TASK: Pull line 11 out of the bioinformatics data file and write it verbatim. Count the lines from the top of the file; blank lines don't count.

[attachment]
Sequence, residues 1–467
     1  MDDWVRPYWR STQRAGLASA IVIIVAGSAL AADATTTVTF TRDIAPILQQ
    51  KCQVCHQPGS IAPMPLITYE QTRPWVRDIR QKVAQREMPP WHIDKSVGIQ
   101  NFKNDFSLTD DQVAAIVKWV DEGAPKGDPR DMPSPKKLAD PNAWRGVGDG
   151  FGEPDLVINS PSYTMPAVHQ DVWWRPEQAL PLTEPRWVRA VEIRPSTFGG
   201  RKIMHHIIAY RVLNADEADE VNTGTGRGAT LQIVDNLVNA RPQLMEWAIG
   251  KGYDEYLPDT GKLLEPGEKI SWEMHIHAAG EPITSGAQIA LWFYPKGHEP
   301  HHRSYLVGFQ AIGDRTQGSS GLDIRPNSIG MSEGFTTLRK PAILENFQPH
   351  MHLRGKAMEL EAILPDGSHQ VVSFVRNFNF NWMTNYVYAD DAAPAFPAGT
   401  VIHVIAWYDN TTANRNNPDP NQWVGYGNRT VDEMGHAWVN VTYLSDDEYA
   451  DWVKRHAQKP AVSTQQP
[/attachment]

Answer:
   451  DWVKRHAQKP AVSTQQP